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A Privacy-Friendly Way to Ban Gambling Addicts From Casinos

Ann Cavoukian, Ontario Information and Privacy Commissioner

Photograph by Ontario Information and Privacy Commission

Ann Cavoukian, Ontario Information and Privacy Commissioner

The Canadian province of Ontario has 27 government-run casinos. As you might expect, thousands of people flock to these gaming establishments every year. And 15,000 flock to them too much. They’re self-confessed gambling addicts.

In Ontario, gambling addicts can ask to be put on a list that bans them from entering a casino. They volunteer a photo, which is then distributed around the casinos. When a worker spots one of the addicts in a casino, the addict is meant to welcome being booted from the premises.

Traditionally, this process has not worked too well. For one, casino staff struggled to commit the faces of hundreds or thousands of gamblers to memory. And then, when a worker did slip up and let a banned gambler into a casino, the gambler sometimes filed a lawsuit against the government for being negligent in its banning duties.

This may sound nuts, but it happens to be true, says Ann Cavoukian, Ontario’s Information and Privacy Commissioner. “They would sneak in and gamble away their lives and lose their families and jobs and homes, and then sue the government, saying, ‘You said you were going to keep me out,’” Cavoukian says. “The state was losing millions to this.”

Three years ago, Ontario set out to rectify the situation by using facial recognition cameras. It placed the cameras near casino doors and tuned them to spot the 15,000 people on the no-gambling list. An addict entering a casino triggered an alarm. “Once there’s a match, a security guard manually does a secondary check and then approaches the person and says, ‘It is our understanding you would like us to escort you out. Is that still your wish?’” she said.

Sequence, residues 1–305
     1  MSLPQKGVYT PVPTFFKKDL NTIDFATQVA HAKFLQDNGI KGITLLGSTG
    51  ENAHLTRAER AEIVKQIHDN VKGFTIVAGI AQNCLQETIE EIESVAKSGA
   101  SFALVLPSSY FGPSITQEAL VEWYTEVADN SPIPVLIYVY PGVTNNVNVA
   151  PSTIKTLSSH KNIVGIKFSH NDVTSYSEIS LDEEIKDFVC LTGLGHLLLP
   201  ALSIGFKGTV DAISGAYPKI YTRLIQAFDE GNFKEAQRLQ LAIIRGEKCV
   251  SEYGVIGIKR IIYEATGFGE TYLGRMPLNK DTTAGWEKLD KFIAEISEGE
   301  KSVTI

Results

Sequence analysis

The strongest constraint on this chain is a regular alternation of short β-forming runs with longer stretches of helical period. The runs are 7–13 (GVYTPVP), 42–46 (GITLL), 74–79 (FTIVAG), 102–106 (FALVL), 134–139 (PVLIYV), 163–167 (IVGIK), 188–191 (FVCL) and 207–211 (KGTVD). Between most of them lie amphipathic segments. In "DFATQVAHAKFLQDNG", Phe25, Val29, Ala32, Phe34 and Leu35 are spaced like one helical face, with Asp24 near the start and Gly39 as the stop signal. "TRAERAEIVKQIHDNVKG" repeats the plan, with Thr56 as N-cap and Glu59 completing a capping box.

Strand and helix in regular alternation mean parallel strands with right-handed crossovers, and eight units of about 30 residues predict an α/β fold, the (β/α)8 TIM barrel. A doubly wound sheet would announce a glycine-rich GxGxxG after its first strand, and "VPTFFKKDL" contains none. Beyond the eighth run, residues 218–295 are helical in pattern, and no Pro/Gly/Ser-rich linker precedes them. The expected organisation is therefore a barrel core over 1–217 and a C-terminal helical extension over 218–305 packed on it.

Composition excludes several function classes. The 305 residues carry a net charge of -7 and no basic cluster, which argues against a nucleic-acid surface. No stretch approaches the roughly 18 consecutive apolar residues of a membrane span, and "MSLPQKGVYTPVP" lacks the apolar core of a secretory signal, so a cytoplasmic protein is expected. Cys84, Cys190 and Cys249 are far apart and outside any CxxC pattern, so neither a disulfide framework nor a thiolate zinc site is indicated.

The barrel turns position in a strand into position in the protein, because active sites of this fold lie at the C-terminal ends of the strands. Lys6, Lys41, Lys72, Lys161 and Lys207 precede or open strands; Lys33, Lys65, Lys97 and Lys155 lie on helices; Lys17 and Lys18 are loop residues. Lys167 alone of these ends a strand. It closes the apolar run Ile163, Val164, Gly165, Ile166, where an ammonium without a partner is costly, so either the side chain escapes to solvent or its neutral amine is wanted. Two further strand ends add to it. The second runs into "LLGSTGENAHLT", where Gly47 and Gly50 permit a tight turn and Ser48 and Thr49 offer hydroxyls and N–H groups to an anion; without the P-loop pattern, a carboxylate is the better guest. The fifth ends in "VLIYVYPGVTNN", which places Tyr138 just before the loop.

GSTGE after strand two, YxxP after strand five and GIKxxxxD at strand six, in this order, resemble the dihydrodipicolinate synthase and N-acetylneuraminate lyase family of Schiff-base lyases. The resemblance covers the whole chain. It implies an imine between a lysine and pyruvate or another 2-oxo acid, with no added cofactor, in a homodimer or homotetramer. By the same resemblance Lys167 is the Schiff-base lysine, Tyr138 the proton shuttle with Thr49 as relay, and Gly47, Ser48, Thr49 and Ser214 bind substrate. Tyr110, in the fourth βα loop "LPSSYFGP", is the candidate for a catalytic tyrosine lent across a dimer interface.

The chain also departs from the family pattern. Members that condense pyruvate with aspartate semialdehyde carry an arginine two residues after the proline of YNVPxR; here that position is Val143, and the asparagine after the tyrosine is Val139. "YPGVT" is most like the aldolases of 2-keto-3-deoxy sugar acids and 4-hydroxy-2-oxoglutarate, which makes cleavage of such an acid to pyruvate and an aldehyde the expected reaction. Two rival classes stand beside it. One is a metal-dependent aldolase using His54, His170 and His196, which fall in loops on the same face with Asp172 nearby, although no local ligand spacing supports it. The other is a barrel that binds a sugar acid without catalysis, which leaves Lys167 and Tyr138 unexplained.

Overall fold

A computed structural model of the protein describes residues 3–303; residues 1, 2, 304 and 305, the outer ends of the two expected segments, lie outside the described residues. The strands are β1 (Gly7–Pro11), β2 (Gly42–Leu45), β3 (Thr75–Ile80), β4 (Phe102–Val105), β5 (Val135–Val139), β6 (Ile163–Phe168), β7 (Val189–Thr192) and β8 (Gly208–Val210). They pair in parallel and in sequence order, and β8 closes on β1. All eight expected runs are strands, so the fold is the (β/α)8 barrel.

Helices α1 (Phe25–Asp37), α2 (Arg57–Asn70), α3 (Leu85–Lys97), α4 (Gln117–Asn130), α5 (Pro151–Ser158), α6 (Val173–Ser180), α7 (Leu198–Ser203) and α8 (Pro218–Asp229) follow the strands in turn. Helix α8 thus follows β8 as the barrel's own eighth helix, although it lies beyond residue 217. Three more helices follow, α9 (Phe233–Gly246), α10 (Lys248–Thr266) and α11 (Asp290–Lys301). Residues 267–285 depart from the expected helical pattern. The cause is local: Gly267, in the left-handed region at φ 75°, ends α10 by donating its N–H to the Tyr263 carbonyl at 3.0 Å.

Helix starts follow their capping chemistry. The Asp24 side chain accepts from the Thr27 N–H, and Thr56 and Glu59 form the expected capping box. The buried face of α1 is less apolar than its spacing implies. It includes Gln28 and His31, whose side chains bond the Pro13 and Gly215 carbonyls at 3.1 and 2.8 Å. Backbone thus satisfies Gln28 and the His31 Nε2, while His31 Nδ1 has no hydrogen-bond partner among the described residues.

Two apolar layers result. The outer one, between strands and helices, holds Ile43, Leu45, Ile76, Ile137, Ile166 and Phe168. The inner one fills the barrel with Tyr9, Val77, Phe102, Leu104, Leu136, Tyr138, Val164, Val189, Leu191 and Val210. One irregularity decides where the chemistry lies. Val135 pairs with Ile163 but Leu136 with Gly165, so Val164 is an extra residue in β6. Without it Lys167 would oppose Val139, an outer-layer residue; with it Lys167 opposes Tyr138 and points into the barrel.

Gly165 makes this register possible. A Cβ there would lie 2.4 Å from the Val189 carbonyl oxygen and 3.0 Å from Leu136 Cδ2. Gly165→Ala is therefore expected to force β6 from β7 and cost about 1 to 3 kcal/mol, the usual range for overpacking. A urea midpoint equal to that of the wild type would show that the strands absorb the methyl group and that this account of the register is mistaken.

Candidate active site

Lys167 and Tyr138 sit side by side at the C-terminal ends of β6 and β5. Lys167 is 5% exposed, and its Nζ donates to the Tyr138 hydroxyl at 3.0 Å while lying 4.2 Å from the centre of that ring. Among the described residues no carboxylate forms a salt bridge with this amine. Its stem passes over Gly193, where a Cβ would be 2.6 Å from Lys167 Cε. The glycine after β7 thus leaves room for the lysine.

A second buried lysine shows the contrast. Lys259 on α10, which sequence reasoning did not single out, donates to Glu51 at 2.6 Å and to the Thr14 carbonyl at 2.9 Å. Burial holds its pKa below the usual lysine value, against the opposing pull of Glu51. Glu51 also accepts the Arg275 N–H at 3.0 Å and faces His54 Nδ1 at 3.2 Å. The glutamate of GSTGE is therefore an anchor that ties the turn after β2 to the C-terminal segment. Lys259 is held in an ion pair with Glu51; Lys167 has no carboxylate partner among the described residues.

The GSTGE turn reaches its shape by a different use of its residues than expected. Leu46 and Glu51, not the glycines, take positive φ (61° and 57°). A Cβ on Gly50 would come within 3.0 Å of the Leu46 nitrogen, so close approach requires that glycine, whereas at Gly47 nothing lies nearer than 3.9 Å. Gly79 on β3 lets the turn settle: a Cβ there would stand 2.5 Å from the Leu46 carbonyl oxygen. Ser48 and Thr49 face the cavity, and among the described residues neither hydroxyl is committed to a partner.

As it happens, Cavoukian is something of a big name in the privacy and biometric worlds, so to see this type of facial recognition technology being used could come as a surprise. Cavoukian admits that it did not pass “the yuck factor” at first, particularly the thought of thousands of non-addicts having their faces sucked into a database.

And so the Ontario system was designed to support some cutting-edge privacy measures. First, it does scan the face of each person entering a casino, but if there is no match against the list of 15,000 addicts, the image is removed instead of being stored in a database. Second, the casinos use a form of biometric encryption for the face and personal information databases. Essentially, this means that the personal information is stored in an encrypted fashion and can be unlocked only when a face serves as a key. If a hacker were to break into the database, he would find only garbled strings of numbers and letters.

Cavoukian has become a major proponent of biometric encryption as technology such as facial recognition and iris scanning gains hold. “I just don’t want any identifiable biomarkers out there,” she says.

Cavoukian also fears that people have become too free with their faces. “Facebook (FB), man, that is a disaster waiting to happen,” Cavoukian says. “You won’t have to go ask the FBI to use the 12 million faces in their database. You can just go to Facebook. People don’t know what they’re giving away.”

As for the casinos in Ontario? Well, the government has yet to face a lawsuit since the facial recognition scanners were activated.

Vance is a technology writer for Bloomberg Businessweek in Palo Alto, Calif. He is the author of Elon Musk: Tesla, SpaceX, and the Quest for a Fantastic Future (HarperCollins, May 2015). Follow him on Twitter @valleyhack.

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